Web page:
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Controlling Happiness

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Presentation on theme: "Controlling Happiness"— Presentation transcript:

1 Controlling Happiness

2 Sources of Happiness

3 How Do These Effect Happiness?
Age Very Little Health Moderately Gender Genetics Very Much Intelligence Love and Marriage Very Much Children Moderately Attractiveness Very Little Work Religion

4 The Pursuit of Happiness - Myers
7 Enablers of Happiness Supportive friendships that enable companionship & confiding A socially intimate, sexually warm, equitable marriage A faith that entails communal support, purpose acceptance, outward focus, and hope Challenging work and active leisure, punctuated by adequate rest and retreat Positive self-esteem, feelings of control, optimism, outgoingness Realistic goals and expectations A fit and healthy body

5 Dan Gilbert: Exploring the frontiers of happiness
Video: Dan Gilbert Website: researches_happiness.html

6 Dan Gilbert: Exploring the frontiers of happiness
Key Terms Prefrontal cortex Impact bias Psychological immune system Synthetic vs. Natural happiness

7 Positive Psychology & Happiness
Discussion by Martin Seligman Authentic Happiness

8 Seligman: Sources of Happiness
Pleasant Life Mindfulness Savoring Effects of genetics* Good Life Flow in Work*, Play, and Love* Meaningful Life Purpose Service *Play a very important role in happiness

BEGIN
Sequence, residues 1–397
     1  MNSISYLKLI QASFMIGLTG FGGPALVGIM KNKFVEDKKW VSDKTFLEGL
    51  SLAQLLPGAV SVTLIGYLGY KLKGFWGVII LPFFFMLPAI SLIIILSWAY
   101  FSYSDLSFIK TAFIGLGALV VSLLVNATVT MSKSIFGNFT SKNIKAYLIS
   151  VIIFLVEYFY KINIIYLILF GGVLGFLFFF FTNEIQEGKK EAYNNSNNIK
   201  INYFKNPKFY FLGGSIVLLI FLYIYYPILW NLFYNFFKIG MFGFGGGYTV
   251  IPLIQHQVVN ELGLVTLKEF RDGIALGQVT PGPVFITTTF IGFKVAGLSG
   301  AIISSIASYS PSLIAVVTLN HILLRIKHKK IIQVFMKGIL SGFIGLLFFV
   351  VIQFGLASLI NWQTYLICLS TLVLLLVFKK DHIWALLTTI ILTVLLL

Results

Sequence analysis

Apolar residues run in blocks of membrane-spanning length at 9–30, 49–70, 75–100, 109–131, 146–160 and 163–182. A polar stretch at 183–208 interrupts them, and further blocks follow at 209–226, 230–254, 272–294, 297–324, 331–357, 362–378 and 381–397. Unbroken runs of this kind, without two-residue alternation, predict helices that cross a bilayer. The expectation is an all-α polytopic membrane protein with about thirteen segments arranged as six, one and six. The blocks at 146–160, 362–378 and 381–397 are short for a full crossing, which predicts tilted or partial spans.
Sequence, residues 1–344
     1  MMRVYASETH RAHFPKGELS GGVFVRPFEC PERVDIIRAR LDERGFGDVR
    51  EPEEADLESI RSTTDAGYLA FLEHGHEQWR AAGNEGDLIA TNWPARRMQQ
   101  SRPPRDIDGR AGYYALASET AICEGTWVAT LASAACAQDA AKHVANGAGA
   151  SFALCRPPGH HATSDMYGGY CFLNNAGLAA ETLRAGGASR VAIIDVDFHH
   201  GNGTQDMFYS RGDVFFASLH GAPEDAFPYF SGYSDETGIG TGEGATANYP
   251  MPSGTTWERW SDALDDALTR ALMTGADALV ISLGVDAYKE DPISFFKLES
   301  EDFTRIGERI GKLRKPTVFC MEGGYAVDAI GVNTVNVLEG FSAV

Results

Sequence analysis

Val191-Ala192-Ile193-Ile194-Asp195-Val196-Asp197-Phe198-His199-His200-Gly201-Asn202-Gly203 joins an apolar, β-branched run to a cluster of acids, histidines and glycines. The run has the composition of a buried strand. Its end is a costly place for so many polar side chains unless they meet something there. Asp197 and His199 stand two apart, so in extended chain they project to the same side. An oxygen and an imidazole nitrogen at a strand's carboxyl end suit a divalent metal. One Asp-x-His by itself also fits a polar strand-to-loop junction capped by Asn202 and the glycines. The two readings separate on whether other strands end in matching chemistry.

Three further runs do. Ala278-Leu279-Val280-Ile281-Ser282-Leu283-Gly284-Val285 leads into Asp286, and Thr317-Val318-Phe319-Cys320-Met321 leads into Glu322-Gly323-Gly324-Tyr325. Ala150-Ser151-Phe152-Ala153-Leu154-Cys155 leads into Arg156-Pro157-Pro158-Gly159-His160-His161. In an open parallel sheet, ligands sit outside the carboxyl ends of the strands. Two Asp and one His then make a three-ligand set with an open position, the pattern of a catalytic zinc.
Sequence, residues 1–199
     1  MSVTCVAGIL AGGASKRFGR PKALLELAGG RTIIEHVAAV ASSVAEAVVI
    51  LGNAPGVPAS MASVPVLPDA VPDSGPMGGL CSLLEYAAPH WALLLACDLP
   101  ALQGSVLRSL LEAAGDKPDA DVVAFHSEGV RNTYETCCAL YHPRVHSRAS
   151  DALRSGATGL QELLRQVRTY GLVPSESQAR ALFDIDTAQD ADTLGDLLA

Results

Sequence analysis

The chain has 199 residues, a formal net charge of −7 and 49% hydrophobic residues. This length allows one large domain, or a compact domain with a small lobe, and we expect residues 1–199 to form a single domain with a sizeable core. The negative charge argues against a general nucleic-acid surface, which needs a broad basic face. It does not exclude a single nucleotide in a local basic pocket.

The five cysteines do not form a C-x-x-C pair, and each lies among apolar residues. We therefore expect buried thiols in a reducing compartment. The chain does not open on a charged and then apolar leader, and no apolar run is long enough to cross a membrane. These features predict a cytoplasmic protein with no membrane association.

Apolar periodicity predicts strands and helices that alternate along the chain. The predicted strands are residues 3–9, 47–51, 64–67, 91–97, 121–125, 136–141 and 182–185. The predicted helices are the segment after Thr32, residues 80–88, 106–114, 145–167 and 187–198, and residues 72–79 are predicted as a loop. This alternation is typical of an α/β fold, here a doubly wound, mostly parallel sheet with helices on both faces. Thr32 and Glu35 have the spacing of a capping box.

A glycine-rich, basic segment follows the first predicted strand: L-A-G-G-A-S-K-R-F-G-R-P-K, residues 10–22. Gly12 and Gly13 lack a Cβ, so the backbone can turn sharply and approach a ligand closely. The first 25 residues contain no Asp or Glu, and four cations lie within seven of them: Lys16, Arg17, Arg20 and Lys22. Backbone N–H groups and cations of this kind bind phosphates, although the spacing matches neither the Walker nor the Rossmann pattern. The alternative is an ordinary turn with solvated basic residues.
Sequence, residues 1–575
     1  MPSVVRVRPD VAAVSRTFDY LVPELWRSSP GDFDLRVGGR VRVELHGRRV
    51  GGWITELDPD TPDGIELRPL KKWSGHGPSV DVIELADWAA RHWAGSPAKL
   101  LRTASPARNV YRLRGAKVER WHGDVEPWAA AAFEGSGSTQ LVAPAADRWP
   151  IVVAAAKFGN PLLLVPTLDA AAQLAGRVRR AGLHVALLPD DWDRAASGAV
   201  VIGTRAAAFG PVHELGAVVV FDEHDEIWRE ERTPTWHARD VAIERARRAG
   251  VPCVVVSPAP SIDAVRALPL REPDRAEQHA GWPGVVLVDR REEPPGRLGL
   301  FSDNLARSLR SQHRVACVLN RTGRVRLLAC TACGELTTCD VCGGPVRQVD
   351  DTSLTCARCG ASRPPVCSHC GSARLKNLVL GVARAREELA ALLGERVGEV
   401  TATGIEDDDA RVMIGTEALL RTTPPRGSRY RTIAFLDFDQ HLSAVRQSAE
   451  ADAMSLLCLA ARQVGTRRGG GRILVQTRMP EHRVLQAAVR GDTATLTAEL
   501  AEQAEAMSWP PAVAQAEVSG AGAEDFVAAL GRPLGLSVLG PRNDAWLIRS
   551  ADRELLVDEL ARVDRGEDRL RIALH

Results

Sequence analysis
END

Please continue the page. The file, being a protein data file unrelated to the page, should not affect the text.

9 The Scope of Positive Psychology, continued
Introducing positive psychology’s three lines of inquiry Positive psychology pursues three main “legs” on which the field stands: Positive subjective experiences (good moods, happiness, and love). Positive individual traits (character strengths and virtues). Positive institutions (families, schools, & supportive work environments).

10 Positive Individual Traits
Resilience: reacting well to life’s challenges Resilience – is “a person’s ability to recover and often prosper following some consequential life event”. Some people even display posttraumatic growth, or “enhanced personal strength” following trauma. While resilience helps people rebound to pre-trauma levels, posttraumatic growth actually causes enhanced functioning, post-trauma. 10

11 Additional Information on Flow
Mihaly Csikszentmihalyi: Creativity, fulfillment and flow  http://www.ted.com/index.php/talks/mihaly_csiks zentmihalyi_on_flow.html "Flow" & Mihaly Csikszentmihalyi

12 Positive Subjective Experiences, continued
Flow Flow – “the state of being wherein a person becomes fully involved and engage in the present time by some interesting, challenging, and intrinsically rewarding activity”. When in this state, people become Less self-aware and lose all track of time. Focus all their energies and attention on an activity where skill and challenge are in balance. 12

13 Positive Subjective Experiences, continued
Flow, continued Finding flow According to Csikszentmihalyi, we find flow when engaged in activities that have the ideal balance of challenge and skill level (see Figure 16.8). Once these criteria are met, the activity becomes intrinsically rewarding, produces positive emotions, and promotes goal attainment and achievement. 13

14 Figure 16. 8. The revised model of flow state